Obviously, this is a big deal. But does it apply to you? Asking a few simple questions will give you a good idea.
Did You Have Gum Disease?
About half of all American adults have some level of gum disease, but just having a little gum disease isn’t that important for your dental implants. What really makes the difference is if you had gum disease that removed a significant amount of the supporting bone for your teeth. Here are some signs that you actually had that kind of gum disease:
- Your tooth got loose
- Your tooth seemed to get longer
- You saw a part of the tooth that looked yellowish and rough (the tooth root)
If you noticed any of these signs, then it’s likely your gum disease caused bone loss, which could in turn, mean you need a bone graft to support your dental implants.
How Long Ago Did You Lose Your Teeth?
There are two potential answers that could lead to bone grafting. First, you haven’t lost them yet. If your implants are going to be placed at the same time your teeth are being extracted, we will likely need to use what is called a socket graft because the dental implant is smaller than your natural tooth root, so it needs more material around to support it. However, this type of graft isn’t likely to add much time to your procedure.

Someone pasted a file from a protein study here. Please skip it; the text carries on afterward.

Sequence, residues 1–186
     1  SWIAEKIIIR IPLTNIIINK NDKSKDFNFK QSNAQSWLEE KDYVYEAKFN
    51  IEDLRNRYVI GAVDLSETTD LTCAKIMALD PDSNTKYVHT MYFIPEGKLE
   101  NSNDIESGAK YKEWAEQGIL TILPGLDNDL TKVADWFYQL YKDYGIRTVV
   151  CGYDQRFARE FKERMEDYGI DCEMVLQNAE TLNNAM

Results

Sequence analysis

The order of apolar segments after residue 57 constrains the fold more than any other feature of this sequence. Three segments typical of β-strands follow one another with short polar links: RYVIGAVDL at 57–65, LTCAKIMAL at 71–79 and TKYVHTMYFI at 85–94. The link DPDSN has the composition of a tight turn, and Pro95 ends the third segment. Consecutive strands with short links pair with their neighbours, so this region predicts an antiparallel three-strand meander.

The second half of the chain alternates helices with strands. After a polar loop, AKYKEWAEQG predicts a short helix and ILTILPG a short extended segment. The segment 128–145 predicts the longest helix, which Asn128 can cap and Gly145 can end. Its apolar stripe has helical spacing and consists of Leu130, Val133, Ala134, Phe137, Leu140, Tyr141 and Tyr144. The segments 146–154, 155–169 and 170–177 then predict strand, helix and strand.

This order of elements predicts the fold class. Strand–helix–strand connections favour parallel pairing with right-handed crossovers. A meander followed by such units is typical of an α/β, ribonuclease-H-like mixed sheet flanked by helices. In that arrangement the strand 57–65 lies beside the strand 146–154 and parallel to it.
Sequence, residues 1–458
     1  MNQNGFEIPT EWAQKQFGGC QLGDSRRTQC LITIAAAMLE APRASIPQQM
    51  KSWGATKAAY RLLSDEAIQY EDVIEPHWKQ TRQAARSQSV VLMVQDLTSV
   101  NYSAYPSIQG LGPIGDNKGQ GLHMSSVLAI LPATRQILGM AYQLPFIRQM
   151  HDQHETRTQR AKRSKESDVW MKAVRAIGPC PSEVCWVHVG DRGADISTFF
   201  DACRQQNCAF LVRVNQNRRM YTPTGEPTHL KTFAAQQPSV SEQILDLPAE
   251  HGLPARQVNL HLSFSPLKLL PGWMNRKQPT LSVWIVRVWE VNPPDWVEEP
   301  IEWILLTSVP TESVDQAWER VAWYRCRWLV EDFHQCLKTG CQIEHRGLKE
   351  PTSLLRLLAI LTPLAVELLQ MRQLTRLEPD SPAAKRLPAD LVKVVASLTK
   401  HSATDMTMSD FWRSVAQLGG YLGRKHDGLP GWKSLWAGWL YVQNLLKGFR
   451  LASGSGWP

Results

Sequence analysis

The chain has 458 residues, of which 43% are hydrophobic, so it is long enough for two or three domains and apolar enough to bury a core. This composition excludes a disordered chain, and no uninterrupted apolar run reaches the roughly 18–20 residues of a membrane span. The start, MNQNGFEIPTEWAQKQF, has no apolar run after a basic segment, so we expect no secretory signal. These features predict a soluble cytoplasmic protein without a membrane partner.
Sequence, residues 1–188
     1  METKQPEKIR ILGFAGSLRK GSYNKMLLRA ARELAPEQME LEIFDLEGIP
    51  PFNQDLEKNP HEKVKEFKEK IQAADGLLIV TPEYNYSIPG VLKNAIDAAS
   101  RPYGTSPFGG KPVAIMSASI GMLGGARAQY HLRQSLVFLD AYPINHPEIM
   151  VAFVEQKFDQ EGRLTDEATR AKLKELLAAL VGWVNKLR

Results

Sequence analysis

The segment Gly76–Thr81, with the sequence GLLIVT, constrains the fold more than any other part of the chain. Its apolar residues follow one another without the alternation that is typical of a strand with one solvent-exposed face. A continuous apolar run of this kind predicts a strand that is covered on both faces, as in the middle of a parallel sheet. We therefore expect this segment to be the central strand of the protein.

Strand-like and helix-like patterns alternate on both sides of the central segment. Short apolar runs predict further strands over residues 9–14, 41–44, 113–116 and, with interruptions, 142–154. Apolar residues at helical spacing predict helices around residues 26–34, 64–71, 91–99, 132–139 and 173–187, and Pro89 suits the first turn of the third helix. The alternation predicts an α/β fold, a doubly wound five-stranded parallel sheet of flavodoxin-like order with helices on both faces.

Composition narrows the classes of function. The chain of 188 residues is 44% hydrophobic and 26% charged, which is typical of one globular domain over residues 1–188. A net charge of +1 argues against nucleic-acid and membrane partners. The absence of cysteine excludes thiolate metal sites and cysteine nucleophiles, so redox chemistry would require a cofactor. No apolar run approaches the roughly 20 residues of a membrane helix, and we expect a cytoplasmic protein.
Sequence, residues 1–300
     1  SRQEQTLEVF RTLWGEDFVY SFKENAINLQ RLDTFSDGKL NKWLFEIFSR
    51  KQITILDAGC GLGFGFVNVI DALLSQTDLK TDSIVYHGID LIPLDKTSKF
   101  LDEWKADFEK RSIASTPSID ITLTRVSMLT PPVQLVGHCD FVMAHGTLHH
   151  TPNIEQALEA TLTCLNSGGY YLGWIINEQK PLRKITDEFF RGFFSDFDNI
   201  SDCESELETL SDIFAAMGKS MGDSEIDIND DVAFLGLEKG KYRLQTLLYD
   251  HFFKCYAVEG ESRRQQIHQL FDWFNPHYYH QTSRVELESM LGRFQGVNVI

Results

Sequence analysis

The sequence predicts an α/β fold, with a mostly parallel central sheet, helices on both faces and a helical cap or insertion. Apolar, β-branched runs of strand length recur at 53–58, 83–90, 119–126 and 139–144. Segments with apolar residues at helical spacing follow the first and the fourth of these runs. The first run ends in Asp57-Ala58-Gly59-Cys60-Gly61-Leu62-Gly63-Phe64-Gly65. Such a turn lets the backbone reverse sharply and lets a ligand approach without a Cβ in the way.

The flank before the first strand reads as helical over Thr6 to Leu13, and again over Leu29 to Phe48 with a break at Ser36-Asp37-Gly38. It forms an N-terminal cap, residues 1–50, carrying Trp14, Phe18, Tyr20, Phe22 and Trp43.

The answer that’s really a concern is: “a long time ago.” Once your teeth are lost, your body begins removing (“resorbing”) the bone that used to support your teeth. Six months to a year after you lost a tooth or teeth, a lot of the bone is gone, which means you’re more likely to need a strong, reconstructive graft.
What Kind of Restoration Are You Getting?
Finally, we have to take into account how much force your dental implant is going to have to deal with. Of course, we have to factor in bite factors like TMJ, but more important is how well the force is going to be distributed via the restoration. If you are getting a large dental bridge or complete dentures, the force is more distributed, so the implants don’t need as much bone to absorb the force.
We can also get a little choosy about where we put the implants to support the bridge or denture, and this lets us find the perfect places that have the best bone support.
It also matters whether your dental implant is going to be implant-retained (held in place by implants) or implant-supported (the bite force gets distributed into the dental implant).
Come in for a Consultation
These questions give you a basic starting point to consider this question, but there’s only one way to know for sure whether your dental implant will depend on a bone graft: a consultation with an implant dentist.